South African Steven Cohen, 51, shocked Parisians and visitors alike when he took to the Eiffel Tower to dance with a rooster that was tied to his privates. The result of his actions was a sexual exhibitionism conviction.
In response to the conviction, Cohen told the Agence France-Presse that “shocking is the first level we break through to get into understanding what is underneath the appearance of things.”
The Parisian court that convicted Cohen decided to go pretty easy on him. There wasn’t a penalty imposed because he didn’t actually commit a sexual act in public. Also, not one person filed a complaint against him, not even a single nun.
The following Reuters story explains the entire incident:
(Reuters) – A South African performance artist who tied a live rooster to his penis during an impromptu open-air show near the Eiffel Tower was found guilty on Monday of “sexual exhibitionism”, but the Paris court did not impose a sentence, prosecutors said.
Last September Steven Cohen danced on the tourist-filled Trocadero Plaza dressed in a corset, high heels, long red gloves and an elaborate feathered headdress with a rooster attached to his penis by a ribbon.
Against the backdrop of the Eiffel Tower, and under the amused and perplexed gaze of tourists, including a group of nuns, the spectacle lasted only a few moments before police arrested Cohen, dragging him across the plaza, rooster attached.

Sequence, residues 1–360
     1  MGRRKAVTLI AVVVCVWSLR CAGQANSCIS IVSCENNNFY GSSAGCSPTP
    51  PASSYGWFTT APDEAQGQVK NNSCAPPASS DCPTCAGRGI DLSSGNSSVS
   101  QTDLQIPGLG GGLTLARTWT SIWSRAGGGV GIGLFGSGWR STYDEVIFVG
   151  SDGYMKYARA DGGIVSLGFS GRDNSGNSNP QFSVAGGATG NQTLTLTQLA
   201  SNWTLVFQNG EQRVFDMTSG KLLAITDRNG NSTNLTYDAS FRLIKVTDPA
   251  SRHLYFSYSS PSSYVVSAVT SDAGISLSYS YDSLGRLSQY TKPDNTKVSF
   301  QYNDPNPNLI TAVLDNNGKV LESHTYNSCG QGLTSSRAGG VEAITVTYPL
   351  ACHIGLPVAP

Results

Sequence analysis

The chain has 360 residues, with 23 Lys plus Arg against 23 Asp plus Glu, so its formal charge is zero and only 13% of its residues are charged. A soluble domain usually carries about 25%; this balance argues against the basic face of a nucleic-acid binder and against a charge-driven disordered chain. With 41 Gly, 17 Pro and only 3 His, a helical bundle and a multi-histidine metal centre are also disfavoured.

Cohen’s lawyer told Reuters she was “relieved”.
“This is a rather measured decision,” said lawyer Agnès Tricoire. “In my opinion, this case should never have gone to court.”
In a March interview with Le Figaro daily, Cohen said authorities had “no understanding of what art is, what performance is”.
“If I’m found guilty … I will see it as a failure of French justice,” said Cohen, who has lived in France for about 10 years.
Prosecutors had asked for a 1,000-euro ($1,400) fine.
Cohen is known for “interventions in the public realm”, according to his biography. Wearing an illuminated chandelier tutu, he once walked through a squatters’ camp in Johannesburg while it was being demolished.
The Paris piece was a reaction to an increasingly homophobic, xenophobic and anti-Semitic world, Cohen told the newspaper.
“In showing the most intimate part of me, I’m saying: I’m male, I’m Jewish, I’m queer, I’m white,” he said.
He said the rooster, named Franck, was not harmed during the performance. The animal was chosen “because it’s the emblem of France”.
(Reporting by Chine Labbe; Writing by Alexandria Sage; Editing by Andrew Roche)